Have you been watching Sym-Bionic Titan? The Cartoon Network show, which ends its first season Friday night, follows the adventures Lance, Ilana and Octus– a soldier, princess and robot, respectively– who flee from their home planet of Galaluna and must now adjust to ordinary high school life while battling villains on Earth.

Sym-Bionic Titan is an amalgamation of famed animator Genndy Tartakovsky's many influences– he mentioned Johnny Sokko and His Flying Robot, Battle of the Planets, Speed Racer and John Hughes' 1980s teen movies during our interview– wrapped into one unconventional cartoon.

“For us, we never really make it for a demographic,” said Tartakovsky. “As soon as I say, 'I think teenagers like this,' that makes it not sincere, so everything we do comes from what we want to see.”

There's a scene in the episode “Lessons in Love,” which first aired on November 19, that sums up exactly why you should be watching the show. Kimmy, a popular cheerleader, walks home after kissing Octus. She turns up her iPod and “Space Age Love Song,” an electronic, romantic number from '80s band A Flock of Seagulls, plays as she swoons down the street. In the background, Titan, the giant robot, fights a monster. Kimmy is oblivious to this and instead spins around a street lamp as big, neon bolts appear in the sky like fireworks. It's like the unforgettable final scenes from 16 Candles and The Breakfast Club collided with the best action anime.

“We're still kids in a way so we try to tap into the John Hughes type of feeling as well as the robot fights and action,” said Tartakovsky.

For the man behind such beloved series as Dexter's Laboratory, Samurai Jack and Star Wars: Clone Wars, Sym-Bionic Titan is a particularly “ambitious” project.

“Every new show that we do, we try to push ourselves to the limit,” he said.

“This one has lighting, the characters are much more volumetrically drawn, we're using part CG elements of course, so the combination of that is quite complicated and just the scale of the show is quite monstrous,” Tartakovsky continued. “For Dexter, Dee Dee learns a new dance and wants to show it to Dexter and he doesn't want her to bug him and there's the fifteen jokes from that storyline. Here we have three or four storylines. We have multiple characters. Because we're dealing with high school there are always crowd shots. The action is always in cities, so the scale is epic and that's what makes it fun to watch, it's like, I can't believe we did that. “

The fact that the characters are high school students gives the show a different spin from Tartakovsky's previous series. In many ways, it ties to the show's anime influence (for those who haven't watch much anime, lead characters are frequently teenagers and the action is often offset with high school social situations).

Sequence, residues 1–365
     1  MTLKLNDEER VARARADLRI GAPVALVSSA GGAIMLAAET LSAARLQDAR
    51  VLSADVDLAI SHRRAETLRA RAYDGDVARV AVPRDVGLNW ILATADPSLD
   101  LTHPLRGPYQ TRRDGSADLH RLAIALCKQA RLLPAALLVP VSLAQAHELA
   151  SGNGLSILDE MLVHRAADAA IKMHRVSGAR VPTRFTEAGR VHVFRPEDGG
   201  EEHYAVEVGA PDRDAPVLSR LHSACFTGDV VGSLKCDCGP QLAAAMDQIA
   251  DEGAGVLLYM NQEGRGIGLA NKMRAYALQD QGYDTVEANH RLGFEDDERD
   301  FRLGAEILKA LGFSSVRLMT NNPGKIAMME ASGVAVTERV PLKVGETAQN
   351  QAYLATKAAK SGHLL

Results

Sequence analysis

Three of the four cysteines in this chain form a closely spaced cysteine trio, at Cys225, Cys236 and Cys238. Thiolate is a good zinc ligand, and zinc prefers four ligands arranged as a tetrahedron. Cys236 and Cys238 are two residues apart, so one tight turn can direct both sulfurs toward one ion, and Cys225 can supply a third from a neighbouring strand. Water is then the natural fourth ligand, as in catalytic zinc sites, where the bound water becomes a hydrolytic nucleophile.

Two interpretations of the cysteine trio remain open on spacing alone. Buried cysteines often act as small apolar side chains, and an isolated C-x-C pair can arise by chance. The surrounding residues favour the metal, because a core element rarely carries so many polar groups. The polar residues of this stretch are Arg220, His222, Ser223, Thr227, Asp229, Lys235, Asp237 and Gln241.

“We can do romance and love and jealousy and break up, stuff that's more dramatic because it's harder on the emotions,” he said. “At the same time, we can do comedy that's a little more adult. Kids get it, but it's definitely pushed farther than we had done before.”

And there's the whole idea of teenage heroism that plays into the show as well. “When you're younger you play hero, when you're older, you can actually be a hero, so it has that opportunity and much more realistic in a way that you can go out and save the world here and there.”

The idea of “fitting in” is crucial to the show, a theme that Tartakovsky says probably runs throughout his work on the whole.

“I don't know if that's because I'm an immigrant and coming to this country, it was all about fitting in, trying to be American,” he added.

Of the trio from Sym-Bionic Titan, Ilana has, perhaps, the hardest time adjusting to her new surroundings. With her short, blonde hair and Harajuku-inspired outfits, she looks different than her classmates. She's also a well-meaning and quite regal character, always wanting to take a stand, to right what she sees is wrong, and be a leader.

“She's like a young Lady Di type of character, where on her home world, she's accepted and loved, she's the best princess ever,” Tartakovsky explained. “Here, she's a dork because she's outgoing and she wants to be unique in her dress and have style and personality.”

Ilana has quickly become a favorite character of ours as there's a spark in her, like she's on the way to becoming the great heroine of the series.

Said Tartakovsky, “She's got a long journey ahead of her, but hopefully she'll get there.”

LA Weekly